Deciding to travel
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Deciding to travel

  • Monday, 16 March 2009 16:38
  • Last Updated Tuesday, 06 December 2011 00:28

During active Cancer therapies or ongoing illness it is important to assess the risks and benefits of travel. It may often be necessary to advise a delay to the planned journey if the patient has recently completed, is currently undergoing, or due to start certain treatments e.g. Chemotherapy. Do not automatically cancel a pre-arranged holiday, however as often simple re-arrangements can be made to allow a holiday to take place. Radiotherapy and be planned before the holiday and started on return - this doesn't delay the treatment because there may well be a week or so gap between the planning and start. There may be other hidden factors to consider when planning a trip such as addition expenditure in order to facilitate the safe travel of a patient with ongoing healthcare needs. The resultant financial cost may prove prohibitive and such issues may require further exploration. Relative and Carer may have to intervene if the patient has an unrealistic insight in their capability to travel. False expectations may be born out of a lack of understanding regarding the true nature of their illness. Alternatively, the patient may be denying the seriousness of their condition. Such situations require sensitive handling and excellent communication.

For a patient with advanced cancer, a holiday may represent more than “taking a break” and there can be any number of reasons for the choice of destination. If the patient is deemed too ill to make their intended journey, the healthcare professional should be prepared to discuss alternatives rather than simply giving a negative response. For example:

  • Rather than the patient travelling to visit family, is it possible that family could visit the patient instead?
  • If there is concern that the patient’s chosen destination is a country or area lacking in suitable medical facilities, consider an alternative that has a better standard of healthcare.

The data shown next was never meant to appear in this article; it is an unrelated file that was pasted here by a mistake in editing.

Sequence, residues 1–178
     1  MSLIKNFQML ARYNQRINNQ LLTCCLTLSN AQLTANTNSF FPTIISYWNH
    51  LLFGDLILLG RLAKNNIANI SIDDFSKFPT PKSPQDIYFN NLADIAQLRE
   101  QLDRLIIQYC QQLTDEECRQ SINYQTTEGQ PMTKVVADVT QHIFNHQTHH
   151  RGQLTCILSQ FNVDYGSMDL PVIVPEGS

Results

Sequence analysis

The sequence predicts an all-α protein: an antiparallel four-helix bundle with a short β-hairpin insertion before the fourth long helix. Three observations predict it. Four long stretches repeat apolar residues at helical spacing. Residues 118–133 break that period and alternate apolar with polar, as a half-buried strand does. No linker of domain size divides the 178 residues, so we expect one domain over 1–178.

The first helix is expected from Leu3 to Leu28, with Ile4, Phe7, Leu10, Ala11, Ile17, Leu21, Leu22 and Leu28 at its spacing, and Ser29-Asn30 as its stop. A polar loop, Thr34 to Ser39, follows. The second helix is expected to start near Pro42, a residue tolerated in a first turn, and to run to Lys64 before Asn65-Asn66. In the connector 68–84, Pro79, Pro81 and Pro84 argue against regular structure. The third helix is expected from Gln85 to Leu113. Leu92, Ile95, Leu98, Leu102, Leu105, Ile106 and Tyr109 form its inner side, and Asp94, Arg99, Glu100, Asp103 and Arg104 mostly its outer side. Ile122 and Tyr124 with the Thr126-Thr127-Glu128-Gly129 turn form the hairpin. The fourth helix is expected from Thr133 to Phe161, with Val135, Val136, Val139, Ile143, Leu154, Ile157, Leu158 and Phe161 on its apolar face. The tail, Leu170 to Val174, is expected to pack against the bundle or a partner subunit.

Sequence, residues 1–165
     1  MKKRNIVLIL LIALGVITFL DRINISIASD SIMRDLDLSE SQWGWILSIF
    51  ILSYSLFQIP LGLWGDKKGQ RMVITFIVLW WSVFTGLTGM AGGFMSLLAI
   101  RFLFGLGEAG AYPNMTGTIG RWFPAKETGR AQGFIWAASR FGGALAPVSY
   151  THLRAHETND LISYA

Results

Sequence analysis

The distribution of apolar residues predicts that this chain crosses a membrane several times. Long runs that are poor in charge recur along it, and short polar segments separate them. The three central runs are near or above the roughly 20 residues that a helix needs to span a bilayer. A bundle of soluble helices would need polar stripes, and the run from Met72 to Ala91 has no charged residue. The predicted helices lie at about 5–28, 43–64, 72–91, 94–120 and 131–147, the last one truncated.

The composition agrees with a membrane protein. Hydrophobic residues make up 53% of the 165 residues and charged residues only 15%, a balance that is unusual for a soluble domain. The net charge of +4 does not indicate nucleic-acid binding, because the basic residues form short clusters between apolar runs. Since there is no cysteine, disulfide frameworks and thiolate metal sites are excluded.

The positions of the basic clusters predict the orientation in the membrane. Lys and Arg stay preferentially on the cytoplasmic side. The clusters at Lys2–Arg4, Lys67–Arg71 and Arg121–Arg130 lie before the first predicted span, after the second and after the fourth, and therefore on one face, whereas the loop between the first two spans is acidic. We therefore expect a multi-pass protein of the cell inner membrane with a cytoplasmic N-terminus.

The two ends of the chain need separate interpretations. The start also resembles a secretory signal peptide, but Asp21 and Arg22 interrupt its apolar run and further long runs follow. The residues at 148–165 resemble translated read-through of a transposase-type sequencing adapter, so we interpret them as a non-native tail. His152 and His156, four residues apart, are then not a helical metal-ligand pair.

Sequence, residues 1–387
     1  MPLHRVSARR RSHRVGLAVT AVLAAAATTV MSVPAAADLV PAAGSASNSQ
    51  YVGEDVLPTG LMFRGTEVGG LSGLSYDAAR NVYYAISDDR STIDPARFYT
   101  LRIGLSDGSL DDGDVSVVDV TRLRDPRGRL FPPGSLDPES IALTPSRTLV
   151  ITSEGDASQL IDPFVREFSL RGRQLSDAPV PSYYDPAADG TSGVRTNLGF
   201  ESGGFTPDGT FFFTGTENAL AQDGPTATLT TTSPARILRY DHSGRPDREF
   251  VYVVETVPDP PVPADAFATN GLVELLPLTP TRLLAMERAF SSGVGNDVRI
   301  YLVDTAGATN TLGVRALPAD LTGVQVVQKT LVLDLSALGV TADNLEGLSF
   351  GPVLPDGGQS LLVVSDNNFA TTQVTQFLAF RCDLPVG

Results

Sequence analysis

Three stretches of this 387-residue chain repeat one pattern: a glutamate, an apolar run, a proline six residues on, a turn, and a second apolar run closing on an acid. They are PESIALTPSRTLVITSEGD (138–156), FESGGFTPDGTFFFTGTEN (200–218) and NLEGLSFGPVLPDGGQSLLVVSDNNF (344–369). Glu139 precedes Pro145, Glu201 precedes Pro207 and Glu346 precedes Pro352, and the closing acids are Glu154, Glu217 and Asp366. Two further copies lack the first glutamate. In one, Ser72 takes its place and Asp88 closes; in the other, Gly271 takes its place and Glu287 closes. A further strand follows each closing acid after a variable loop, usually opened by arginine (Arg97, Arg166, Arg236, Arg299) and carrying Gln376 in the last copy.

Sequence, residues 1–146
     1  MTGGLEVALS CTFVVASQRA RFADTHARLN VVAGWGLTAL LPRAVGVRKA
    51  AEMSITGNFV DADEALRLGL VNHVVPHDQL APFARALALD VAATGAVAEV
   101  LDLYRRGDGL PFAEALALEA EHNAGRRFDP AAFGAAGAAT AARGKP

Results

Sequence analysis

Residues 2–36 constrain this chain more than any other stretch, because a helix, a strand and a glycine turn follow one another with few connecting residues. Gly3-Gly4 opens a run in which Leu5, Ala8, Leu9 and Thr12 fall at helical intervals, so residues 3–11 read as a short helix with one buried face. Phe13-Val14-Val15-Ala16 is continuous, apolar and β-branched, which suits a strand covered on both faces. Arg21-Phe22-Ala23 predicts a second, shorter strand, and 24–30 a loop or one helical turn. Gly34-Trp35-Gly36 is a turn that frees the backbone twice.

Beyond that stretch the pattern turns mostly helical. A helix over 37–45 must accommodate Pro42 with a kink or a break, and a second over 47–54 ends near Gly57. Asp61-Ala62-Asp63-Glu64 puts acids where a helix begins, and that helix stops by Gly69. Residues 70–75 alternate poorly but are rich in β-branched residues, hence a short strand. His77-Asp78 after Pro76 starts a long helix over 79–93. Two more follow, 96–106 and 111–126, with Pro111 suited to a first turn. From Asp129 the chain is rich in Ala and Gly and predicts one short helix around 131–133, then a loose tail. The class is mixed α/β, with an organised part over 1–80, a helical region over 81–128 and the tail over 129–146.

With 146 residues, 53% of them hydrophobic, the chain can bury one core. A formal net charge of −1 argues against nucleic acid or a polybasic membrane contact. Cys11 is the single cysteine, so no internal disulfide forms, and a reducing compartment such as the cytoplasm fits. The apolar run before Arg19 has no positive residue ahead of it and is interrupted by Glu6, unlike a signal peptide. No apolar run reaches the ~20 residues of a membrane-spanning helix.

• If the chosen destination involves an arduous journey, is there a more accessible alternative?
  • If the patient is deemed too unwell to holiday abroad, is there an acceptable destination within your own country?

Some patients may be tempted to partake in some of the numerous complementary / alternative therapies practiced throughout the world. Extreme caution should be taken. It would be difficult for the patient to establish whether a practitioner is adequately trained, has appropriate insurance or whether they are affiliated to a governing body. Furthermore, some herbal remedies may contain substances that interact with the patients prescribed medication. The patient should not take such remedies without discussion with their cancer specialist.

When you should not fly

Most people who have had cancer can travel without problems. But there are times when it is best not to fly because of changes in pressure or the amount of oxygen in the cabin of the plane. Check with your doctor that you can fly. Or contact the medical officer of the airline you are flying with. You shouldn’t fly if you

  • Have had surgery for a Brain Tumour in the last few months
  • Have a brain tumour and the pressure in your skull ( Intracranial Pressure) could be higher than normal
  • Have had high dose chemotherapy or a bone marrow or stem cell transplant in the past 6 to 12 months
  • Have a low level of platelets in your blood
  • Are breathless
  • Are anaemic

After surgery

You should not fly straight after surgery or a laparoscopy because you may have air trapped in your body. When you fly, the air can expand and cause an increase in pressure inside the body. After 10 days, this should have all dissolved away, so you will be able to fly. If you have had surgery very recently though, it is always a good idea to check with your surgeon before planning your trip.

If you’ve had bowel or chest surgery, you will need to wait at least 4 weeks. Do check with your surgeon – 4 weeks is only a guide.

Brain surgery is another special case. The skull is a fixed size, so changes in pressure inside the skull can have serious effects. If you’ve had brain tumour surgery within the past few months, you need to talk to your brain surgeon before you make any definite plans.

If your platelets are low

Platelets are blood cells that help your blood to clot. Your platelet count can be lowered by cancer treatment. To be safe to fly, your platelet count should be above 40,000 per cubic ml of blood. You will need to check this with your doctor.

BT Buddies would like to thank Dr. Simon Noble, Senior Lecturer and Honorary Consultant in Palliative Medicine and Colin Perdue, Clinical Nurse Specialist for granting us permission to reproduce this article.


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